James Lankford’s ‘Fumbles’ report includes spending on Russian wine study, mariachi program
Sen. James Lankford on Tuesday released his latest “Federal Fumbles” report intended to highlight waste and efficiencies in government spending, which included federal dollars going toward items ranging from a study on Russian wine to a mariachi apprenticeship program.
Mr. Lankford said the report is intended in part to spark a broader debate about finding solutions to rein in a federal debt that recently topped $22 trillion.
“A lot of times people say there is debt or there’s [a] deficit and everyone nods their head,” the Oklahoma Republican told reporters on a conference call. ”[It’s] the hard part about proposing the solutions for it. That’s where the conversation seems to drop off.”
The report said that in 2017, the National Endowment for the Humanities (NEH) awarded a $50,400 fellowship to a professor at Sonoma State University, which resulted in an examination of how Russia used its wine industry to befriend Europe in the past.
“I’m not real sure why the federal taxpayer should have to do a study of Soviet wines,” Mr. Lankford said. “I understand why the wine industry would want to do that study. I don’t understand why the taxpayer would need to be able to do that study.”
The report also said the federal government has given out more than $700,000 in grant money since 2001 for a Mariachi Master Apprentice Program in San Fernando, California.
Mr. Lankford said those are illustrations of the kind of problems that could be addressed through legislation he has supported intended to boost transparency in the federal grant-awarding process.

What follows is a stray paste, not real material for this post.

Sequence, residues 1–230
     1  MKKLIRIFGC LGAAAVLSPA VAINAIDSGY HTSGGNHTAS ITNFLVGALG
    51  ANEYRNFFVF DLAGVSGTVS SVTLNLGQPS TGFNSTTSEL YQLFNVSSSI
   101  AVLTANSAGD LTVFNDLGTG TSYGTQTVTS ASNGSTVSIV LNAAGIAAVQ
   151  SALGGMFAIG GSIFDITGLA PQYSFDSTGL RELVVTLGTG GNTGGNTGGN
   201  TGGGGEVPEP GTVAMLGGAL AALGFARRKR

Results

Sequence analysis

He acknowledged that Congress will have to do more than nibble around the edges to fix long-term issues involving the debt and deficits and that lawmakers can’t push serious discussions off much longer.
“We didn’t have any real serious dialogue on long-term costs with the Obama administration. We’ve had no serious dialogue on long-term costs ... under the Trump administration,” he said. “This is just something that I feel strongly needs to be addressed and we’ve got to talk about.”
The report also included some “Touchdowns” and “Forward Progress” on positive developments, including in some past areas of concern.
Those included recent legislation that extended a pilot program designed to speed up the sale of unused federal properties and a bill Congress passed last year intended to combat online sex trafficking.